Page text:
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Inicio Enfermedades Infecciosas y Microbiología Clínica (English Edition) The use of co-trimoxazole in catheter lock therapy. A report on a difficult case
Journal Information
Vol. 36. Issue 5.
Pages 321-322 (May 2018)
Vol. 36. Issue 5.
Pages 321-322 (May 2018)
Scientific letter
DOI: 10.1016/j.eimce.2017.08.014
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The use of co-trimoxazole in catheter lock therapy. A report on a difficult case
Uso de cotrimoxazol en sellado de catéter. A propósito de un caso en una situación difícil
Elena Pisos-Álamoa,
Corresponding author

Corresponding author.
, Michele Hernández-Cabreraa, Oliverio Sobral-Caraballob, José-Luis Pérez-Arellanoa
a Unidad de Enfermedades Infecciosas y Medicina Tropical, Servicio de Medicina Interna, Complejo Hospitalario Universitario Insular Materno Infantil, Departamento de Ciencias Médicas y Quirúrgicas, Universidad de Las Palmas de Gran Canaria, Las Palmas, Spain
b Servicio de Farmacia, Complejo Hospitalario Universitario Insular Materno Infantil, Las Palmas, Spain
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Dear Editor,

Today, the use of long-term catheters to administer therapeutic agents (chemotherapy, antibiotic therapy, or blood or plasma derivatives), as well as the extraction of blood samples, is becoming increasingly common.1,2 Such devices avoid the need for repeated venipunctures, which are associated with discomfort for patients and derived complications (e.g. phlebitis, etc.). However, it is not uncommon that they lead to infections (bacterial or fungal).1 The management of catheter-related infections is complex, as, on the one hand, removing the catheter decreases the options for vascular access (which are often limited), while keeping it in place is associated with maintaining the focus of the infection. In some cases, an alternative option is used, consisting of both systemic treatment of the bacteraemia and the local administration of antimicrobial agents, known as “locks”.3 The examples of vancomycin (gram-positive cocci) and amikacin (gram-negative bacilli) are well established,2 and there are efficacy data for other antimicrobial agents (e.g. amoxicillin-clavulanic acid or ciprofloxacin).2,4 Nevertheless, there are some circumstances in which the options are more limited due to the characteristics of the patient or the type of microorganism.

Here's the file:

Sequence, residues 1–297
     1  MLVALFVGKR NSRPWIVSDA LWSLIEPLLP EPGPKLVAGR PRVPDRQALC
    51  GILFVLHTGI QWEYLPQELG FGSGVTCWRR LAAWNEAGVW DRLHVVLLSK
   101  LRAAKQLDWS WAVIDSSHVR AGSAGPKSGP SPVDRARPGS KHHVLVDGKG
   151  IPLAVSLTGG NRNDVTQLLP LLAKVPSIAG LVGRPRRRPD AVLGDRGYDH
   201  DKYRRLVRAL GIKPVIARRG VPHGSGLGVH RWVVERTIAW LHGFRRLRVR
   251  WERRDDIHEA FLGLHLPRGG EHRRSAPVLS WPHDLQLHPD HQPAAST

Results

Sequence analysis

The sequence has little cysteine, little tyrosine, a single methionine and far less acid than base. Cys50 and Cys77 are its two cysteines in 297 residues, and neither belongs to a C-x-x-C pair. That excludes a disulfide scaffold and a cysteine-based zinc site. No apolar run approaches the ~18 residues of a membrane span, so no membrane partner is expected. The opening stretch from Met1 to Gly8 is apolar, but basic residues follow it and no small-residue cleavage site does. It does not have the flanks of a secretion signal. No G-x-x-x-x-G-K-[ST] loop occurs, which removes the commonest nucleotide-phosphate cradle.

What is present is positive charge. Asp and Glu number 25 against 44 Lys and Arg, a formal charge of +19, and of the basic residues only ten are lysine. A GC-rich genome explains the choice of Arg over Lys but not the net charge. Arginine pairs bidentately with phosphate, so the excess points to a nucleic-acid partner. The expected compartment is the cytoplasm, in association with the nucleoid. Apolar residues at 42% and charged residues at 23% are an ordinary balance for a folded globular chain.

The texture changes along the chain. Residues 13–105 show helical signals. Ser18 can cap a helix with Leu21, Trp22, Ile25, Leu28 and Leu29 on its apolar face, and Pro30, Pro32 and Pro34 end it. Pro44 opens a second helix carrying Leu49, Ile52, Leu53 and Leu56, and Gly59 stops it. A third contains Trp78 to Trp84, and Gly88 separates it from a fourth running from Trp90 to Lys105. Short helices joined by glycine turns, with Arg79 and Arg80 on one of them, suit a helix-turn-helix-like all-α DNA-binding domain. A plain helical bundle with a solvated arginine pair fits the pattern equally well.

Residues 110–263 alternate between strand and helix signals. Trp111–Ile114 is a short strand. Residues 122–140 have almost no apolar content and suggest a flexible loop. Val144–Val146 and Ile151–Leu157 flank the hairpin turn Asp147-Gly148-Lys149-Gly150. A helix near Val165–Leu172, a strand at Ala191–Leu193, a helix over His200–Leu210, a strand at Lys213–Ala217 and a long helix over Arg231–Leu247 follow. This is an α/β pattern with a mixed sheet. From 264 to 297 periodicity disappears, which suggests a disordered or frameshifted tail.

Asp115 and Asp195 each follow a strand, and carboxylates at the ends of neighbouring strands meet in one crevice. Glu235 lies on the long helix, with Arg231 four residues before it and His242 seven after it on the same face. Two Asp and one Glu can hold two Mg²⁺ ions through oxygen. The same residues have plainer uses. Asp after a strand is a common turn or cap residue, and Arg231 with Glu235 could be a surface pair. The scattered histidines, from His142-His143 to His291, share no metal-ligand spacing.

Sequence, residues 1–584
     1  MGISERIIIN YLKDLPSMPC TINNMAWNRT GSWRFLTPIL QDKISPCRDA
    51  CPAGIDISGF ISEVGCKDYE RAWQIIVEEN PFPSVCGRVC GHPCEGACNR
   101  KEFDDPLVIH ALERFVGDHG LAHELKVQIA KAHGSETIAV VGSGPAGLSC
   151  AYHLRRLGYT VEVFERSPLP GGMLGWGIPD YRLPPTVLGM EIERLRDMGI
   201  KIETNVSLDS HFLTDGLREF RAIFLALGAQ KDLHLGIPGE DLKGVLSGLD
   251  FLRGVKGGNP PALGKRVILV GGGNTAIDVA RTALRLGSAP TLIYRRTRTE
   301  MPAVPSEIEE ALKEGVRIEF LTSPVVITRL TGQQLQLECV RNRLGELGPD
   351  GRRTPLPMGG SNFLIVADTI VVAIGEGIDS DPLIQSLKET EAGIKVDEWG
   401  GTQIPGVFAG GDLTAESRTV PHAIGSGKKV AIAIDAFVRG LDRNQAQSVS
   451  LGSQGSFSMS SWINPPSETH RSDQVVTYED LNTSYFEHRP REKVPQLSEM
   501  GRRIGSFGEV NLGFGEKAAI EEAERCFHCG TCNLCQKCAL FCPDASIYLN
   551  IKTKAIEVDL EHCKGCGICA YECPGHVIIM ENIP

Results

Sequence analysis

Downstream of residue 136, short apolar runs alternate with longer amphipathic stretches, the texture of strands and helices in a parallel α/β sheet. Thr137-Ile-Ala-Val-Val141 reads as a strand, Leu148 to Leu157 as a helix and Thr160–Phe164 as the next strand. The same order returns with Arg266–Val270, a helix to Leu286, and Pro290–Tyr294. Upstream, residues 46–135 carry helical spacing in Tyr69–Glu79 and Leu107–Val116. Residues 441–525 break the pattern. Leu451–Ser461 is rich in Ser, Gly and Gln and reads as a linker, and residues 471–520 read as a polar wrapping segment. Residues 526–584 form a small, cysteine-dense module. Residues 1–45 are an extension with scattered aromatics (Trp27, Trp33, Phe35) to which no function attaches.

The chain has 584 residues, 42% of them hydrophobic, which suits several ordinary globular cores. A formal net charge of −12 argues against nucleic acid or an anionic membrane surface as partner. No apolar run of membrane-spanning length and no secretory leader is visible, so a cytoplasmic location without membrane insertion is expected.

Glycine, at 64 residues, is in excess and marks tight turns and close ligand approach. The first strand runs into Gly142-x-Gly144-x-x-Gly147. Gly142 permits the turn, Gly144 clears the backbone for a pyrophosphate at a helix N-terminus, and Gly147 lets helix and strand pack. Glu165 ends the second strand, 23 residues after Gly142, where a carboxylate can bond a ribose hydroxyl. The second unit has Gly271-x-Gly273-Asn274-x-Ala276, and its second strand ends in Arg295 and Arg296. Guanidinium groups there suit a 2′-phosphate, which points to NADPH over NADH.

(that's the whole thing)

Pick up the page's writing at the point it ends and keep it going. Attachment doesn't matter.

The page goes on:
We report the case of a 51-year-old woman diagnosed with seronegative myasthenia gravis (MG) who underwent a thymectomy in February 2003. She subsequently required various hospital admissions due to myasthenic crises, including on one occasion to the ICU. She attended the Accident and Emergency Department due to presenting a fever of 40°C, primarily in the evenings, accompanied by tremors for one month prior to admission. The patient had had a Port-a-Cath® (BARD) since 2005 for the administration of immunoglobulins, but did not report other signs of local involvement, such as the existence of pain, erythema or purulent discharge at the insertion site. On admission, and after taking blood cultures peripherally and from the catheter for study using qualitative methods via an automated system, a lock was created with vancomycin 4mg/ml for 24h (5ml) and empirical intravenous treatment was started, avoiding antimicrobial agents contraindicated in patients with MG, with vancomycin (1g/12h) and ceftriaxone (1g/12h). Given the importance of quickly initiating an effective treatment, and because ceftriaxone is a time-sensitive antimicrobial agent, administration every 12h was preferred. The fever remitted and the blood cultures revealed Stenotrophomonas maltophilia (S. maltophilia) and Streptococcus agalactiae (S. agalactiae) in the catheter and peripheral blood. In view of the bacterial growth times in the blood cultures, it was very likely that the catheter was the source of the bacteraemia. The treatment was later adjusted based on the antibiogram to co-trimoxazole (800/160mg/12h) given orally and vancomycin (1g/12h) administered peripherally to treat both microorganisms for 10 days. Due to their coexistence, a lock was created using two different antibiotics. S. agalactiae was susceptible to vancomycin, but for S. maltophilia, based on the patient's antibiogram and due to the restricted antimicrobial options available, only co-trimoxazole could be used for the lock. After performing a search of the literature, only a limited number of articles were found in which such a lock was used, the majority in vitro.4–7 Once informed consent had been obtained from the patient, the catheter lock was created by alternating 5ml vancomycin-heparin (4mg/ml) and 5ml co-trimoxazole-heparin (10mg/ml) for 12h each. The blood cultures obtained from the catheter at 72h, 7 days and 10 days were negative after 7 days’ incubation. The intention was to substitute the vancomycin with linezolid (600mg/12h orally), but the patient reported nausea and it had to be withdrawn. At 30 days from the end of antibiotic treatment, blood cultures were taken and were negative.